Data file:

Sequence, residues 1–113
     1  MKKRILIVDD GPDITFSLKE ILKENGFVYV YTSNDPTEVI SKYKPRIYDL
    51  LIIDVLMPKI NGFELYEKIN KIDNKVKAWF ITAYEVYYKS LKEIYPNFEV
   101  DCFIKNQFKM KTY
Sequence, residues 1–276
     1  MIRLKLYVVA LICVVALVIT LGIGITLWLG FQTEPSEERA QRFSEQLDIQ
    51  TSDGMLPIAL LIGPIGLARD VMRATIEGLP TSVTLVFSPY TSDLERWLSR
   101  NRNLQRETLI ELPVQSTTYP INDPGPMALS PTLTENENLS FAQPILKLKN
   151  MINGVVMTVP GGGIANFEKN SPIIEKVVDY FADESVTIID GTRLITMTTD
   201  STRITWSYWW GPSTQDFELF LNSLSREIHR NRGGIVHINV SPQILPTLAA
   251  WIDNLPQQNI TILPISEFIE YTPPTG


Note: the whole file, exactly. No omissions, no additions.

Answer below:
Sequence, residues 1–113
     1  MKKRILIVDD GPDITFSLKE ILKENGFVYV YTSNDPTEVI SKYKPRIYDL
    51  LIIDVLMPKI NGFELYEKIN KIDNKVKAWF ITAYEVYYKS LKEIYPNFEV
   101  DCFIKNQFKM KTY
Sequence, residues 1–276
     1  MIRLKLYVVA LICVVALVIT LGIGITLWLG FQTEPSEERA QRFSEQLDIQ
    51  TSDGMLPIAL LIGPIGLARD VMRATIEGLP TSVTLVFSPY TSDLERWLSR
   101  NRNLQRETLI ELPVQSTTYP INDPGPMALS PTLTENENLS FAQPILKLKN
   151  MINGVVMTVP GGGIANFEKN SPIIEKVVDY FADESVTIID GTRLITMTTD
   201  STRITWSYWW GPSTQDFELF LNSLSREIHR NRGGIVHINV SPQILPTLAA
   251  WIDNLPQQNI TILPISEFIE YTPPTG